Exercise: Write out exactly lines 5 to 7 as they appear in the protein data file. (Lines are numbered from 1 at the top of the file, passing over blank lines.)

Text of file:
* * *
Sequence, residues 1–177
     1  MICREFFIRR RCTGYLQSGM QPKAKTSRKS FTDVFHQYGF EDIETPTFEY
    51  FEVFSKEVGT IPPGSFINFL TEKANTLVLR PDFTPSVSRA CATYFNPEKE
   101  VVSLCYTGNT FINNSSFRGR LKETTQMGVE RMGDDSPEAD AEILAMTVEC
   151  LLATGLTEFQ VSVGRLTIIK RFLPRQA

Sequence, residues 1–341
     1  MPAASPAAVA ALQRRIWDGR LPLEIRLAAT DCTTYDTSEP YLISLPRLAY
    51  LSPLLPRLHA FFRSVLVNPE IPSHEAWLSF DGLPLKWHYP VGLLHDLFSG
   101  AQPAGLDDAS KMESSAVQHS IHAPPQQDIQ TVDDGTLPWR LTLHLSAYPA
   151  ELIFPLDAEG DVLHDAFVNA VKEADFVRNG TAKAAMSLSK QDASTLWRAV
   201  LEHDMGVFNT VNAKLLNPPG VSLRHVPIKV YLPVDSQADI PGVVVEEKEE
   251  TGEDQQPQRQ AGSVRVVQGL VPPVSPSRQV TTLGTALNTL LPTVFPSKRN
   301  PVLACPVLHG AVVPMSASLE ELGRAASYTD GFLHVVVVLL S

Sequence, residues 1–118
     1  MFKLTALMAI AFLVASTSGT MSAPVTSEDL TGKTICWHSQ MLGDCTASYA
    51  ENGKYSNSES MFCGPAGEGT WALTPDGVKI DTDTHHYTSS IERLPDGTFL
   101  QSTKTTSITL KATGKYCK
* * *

   151  LLATGLTEFQ VSVGRLTIIK RFLPRQA

Sequence, residues 1–341
     1  MPAASPAAVA ALQRRIWDGR LPLEIRLAAT DCTTYDTSEP YLISLPRLAY